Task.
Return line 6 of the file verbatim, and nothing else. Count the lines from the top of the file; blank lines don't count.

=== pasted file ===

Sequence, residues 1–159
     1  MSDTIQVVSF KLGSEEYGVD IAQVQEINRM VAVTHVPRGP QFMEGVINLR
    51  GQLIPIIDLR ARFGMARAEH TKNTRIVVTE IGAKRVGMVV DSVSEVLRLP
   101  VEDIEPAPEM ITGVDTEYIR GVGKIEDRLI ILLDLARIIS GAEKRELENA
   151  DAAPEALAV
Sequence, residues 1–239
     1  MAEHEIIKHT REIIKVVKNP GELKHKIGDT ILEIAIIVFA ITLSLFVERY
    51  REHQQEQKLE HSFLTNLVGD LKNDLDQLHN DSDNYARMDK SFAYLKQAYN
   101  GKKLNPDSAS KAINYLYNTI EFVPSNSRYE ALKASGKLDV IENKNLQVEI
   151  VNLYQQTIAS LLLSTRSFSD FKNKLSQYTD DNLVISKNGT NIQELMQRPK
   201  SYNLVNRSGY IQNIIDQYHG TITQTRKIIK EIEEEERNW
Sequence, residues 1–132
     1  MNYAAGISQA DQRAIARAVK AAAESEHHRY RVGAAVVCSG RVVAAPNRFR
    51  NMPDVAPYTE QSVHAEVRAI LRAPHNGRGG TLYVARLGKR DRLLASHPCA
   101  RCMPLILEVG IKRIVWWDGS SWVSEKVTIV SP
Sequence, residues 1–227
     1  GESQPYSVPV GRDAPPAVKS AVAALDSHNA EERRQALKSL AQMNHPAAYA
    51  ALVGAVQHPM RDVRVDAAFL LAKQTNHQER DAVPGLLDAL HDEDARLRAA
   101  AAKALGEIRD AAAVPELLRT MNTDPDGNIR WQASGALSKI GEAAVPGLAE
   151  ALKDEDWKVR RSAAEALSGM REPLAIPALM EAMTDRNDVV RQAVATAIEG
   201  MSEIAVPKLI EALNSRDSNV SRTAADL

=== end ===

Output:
Sequence, residues 1–239